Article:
A novel, nonviral, polyethylenimine (PEI)-based, HER2-targeted gene transfer vector has been investigated. The anti-HER2 humanized antibody, trastuzumab (HerceptinR), was used as the targeting moiety to the HER2 overexpressing cancer cells. Subsequently, trastuzumab conjugation of PEI may render PEI a much more selective gene delivery carrier for anticancer gene therapy. The opinion of attaching a targeting ligand, with intrinsic antitumor activity, to a gene transfer vector may be beneficial for further investigations [43].

Recently, poly (butyl cyanoacrylate) (PBCA) NPs coated with polysorbate-80 have been proposed as suitable drug carriers for brain drug delivery. Nerve growth factor (NGF) is important for the survival of peripheral ganglion cells and central cholinergic neurons of the basal forebrain. In spite of its inability to cross the blood–brain barrier (BBB), the NGF activity on these neuronal populaces and its adequacy in avoiding neurodegeneration recommended its potential utilization in the treatment of neurological pathologies, for example, diabetic neuropathies and Huntington’s disease. Systemic administration of NGF loaded in P80-coated PBCA NPs successfully reversed scopolamine-induced amnesia and improved recognition and memory in acute amnesia rat model [44].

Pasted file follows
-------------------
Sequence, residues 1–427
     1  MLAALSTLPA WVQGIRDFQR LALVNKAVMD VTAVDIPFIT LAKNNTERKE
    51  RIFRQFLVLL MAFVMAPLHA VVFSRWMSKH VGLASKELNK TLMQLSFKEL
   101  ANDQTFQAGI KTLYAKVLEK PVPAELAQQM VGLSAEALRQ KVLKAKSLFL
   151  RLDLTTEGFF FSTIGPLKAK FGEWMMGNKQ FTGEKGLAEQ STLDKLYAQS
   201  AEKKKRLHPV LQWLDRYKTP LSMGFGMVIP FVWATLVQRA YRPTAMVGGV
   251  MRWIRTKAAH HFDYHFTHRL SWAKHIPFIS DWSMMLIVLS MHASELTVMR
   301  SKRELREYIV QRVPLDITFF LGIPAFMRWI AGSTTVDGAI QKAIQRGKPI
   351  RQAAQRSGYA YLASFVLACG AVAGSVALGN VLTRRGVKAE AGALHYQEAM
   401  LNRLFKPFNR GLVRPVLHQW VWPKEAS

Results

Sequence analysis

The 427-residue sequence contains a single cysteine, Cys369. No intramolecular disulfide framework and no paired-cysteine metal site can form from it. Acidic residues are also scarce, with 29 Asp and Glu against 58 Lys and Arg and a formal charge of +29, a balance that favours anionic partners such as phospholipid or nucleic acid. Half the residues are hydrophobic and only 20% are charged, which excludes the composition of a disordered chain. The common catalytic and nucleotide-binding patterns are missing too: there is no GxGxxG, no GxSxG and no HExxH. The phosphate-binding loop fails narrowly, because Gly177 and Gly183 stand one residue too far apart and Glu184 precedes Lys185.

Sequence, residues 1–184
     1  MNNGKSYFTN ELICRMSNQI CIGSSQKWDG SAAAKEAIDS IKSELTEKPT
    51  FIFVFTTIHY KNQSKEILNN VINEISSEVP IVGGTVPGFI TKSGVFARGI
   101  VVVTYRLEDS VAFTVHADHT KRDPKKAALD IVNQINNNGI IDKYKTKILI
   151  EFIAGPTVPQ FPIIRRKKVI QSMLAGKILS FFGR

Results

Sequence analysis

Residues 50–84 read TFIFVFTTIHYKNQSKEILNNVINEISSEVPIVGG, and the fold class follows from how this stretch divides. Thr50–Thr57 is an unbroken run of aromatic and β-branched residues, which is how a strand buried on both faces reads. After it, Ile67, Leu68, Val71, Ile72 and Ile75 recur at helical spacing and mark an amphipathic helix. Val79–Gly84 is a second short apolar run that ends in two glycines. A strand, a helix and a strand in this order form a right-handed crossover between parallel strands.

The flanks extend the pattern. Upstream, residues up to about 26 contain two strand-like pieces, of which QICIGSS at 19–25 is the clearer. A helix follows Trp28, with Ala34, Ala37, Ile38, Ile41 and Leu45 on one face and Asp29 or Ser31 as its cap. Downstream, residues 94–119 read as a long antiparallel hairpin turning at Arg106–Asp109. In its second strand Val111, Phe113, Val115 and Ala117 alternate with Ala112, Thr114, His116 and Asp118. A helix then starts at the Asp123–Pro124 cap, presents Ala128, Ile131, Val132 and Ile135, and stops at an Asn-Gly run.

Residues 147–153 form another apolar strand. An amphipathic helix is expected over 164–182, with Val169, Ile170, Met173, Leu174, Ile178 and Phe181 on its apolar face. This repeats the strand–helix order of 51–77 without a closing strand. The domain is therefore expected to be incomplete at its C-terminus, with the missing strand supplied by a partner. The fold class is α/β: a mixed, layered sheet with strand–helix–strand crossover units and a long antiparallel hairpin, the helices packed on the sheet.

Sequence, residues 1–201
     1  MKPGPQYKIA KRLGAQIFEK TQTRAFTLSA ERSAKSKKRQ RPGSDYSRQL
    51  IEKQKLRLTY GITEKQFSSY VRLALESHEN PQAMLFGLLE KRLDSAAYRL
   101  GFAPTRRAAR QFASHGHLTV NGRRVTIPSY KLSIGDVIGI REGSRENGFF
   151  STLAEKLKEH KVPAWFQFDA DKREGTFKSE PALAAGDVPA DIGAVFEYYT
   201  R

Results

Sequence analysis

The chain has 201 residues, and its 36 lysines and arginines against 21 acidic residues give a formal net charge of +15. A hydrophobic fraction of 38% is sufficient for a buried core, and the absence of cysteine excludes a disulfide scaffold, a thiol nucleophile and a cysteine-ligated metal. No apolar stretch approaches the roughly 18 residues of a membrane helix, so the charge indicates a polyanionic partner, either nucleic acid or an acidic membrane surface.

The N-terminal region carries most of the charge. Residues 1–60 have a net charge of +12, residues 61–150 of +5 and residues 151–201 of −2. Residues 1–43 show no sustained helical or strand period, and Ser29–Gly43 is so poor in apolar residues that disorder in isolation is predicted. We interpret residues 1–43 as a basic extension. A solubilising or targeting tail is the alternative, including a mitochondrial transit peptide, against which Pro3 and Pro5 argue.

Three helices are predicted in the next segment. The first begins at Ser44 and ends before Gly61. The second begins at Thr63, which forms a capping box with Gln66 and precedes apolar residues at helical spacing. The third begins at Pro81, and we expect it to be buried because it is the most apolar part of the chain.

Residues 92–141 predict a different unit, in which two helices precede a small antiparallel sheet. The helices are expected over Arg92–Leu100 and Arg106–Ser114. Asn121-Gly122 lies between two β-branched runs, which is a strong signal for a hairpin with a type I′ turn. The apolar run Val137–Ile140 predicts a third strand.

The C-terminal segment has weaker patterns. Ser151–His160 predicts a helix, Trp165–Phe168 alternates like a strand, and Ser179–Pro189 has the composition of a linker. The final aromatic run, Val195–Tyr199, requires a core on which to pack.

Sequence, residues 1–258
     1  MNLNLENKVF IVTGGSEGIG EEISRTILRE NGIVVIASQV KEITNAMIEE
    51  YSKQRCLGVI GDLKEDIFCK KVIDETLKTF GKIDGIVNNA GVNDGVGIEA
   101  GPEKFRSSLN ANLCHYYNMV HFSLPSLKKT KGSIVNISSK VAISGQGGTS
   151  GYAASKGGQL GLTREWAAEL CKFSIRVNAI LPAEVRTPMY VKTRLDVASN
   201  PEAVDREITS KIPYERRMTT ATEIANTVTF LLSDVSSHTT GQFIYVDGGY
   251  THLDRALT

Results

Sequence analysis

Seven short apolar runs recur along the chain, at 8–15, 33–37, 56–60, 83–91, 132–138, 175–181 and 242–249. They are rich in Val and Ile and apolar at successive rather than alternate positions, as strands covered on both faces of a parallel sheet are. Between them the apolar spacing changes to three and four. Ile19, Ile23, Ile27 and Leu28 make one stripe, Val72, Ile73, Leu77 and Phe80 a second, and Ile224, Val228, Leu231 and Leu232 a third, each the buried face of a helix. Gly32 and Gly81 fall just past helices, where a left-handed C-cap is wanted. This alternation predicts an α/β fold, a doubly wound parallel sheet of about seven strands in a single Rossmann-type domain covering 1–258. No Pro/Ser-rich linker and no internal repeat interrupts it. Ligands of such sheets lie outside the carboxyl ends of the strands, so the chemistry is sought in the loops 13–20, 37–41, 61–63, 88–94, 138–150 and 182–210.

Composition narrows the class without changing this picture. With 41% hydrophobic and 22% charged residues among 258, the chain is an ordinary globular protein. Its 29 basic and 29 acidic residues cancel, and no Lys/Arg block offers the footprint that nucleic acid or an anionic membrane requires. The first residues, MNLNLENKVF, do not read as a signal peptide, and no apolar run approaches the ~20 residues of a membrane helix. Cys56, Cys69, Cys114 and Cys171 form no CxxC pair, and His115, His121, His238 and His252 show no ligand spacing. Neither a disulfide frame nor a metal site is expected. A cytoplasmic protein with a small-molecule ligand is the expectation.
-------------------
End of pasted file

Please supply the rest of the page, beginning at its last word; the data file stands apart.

Yang and coworkers synthesized doxorubicin magnetic PLGA nanoparticles conjugated with well-tailored antibodies for the detection and therapy of breast cancer. They suggested that magnetic nanocrystals embedded in polymeric nanoparticles did not inhibit the nanoparticle formulation or drug release kinetics. The multimodal nanoparticles demonstrated remarkable cancer cell affinity and ultrasensitivity via magnetic resonance imaging. However, the in vivo effects of the NPs were not evaluated [45].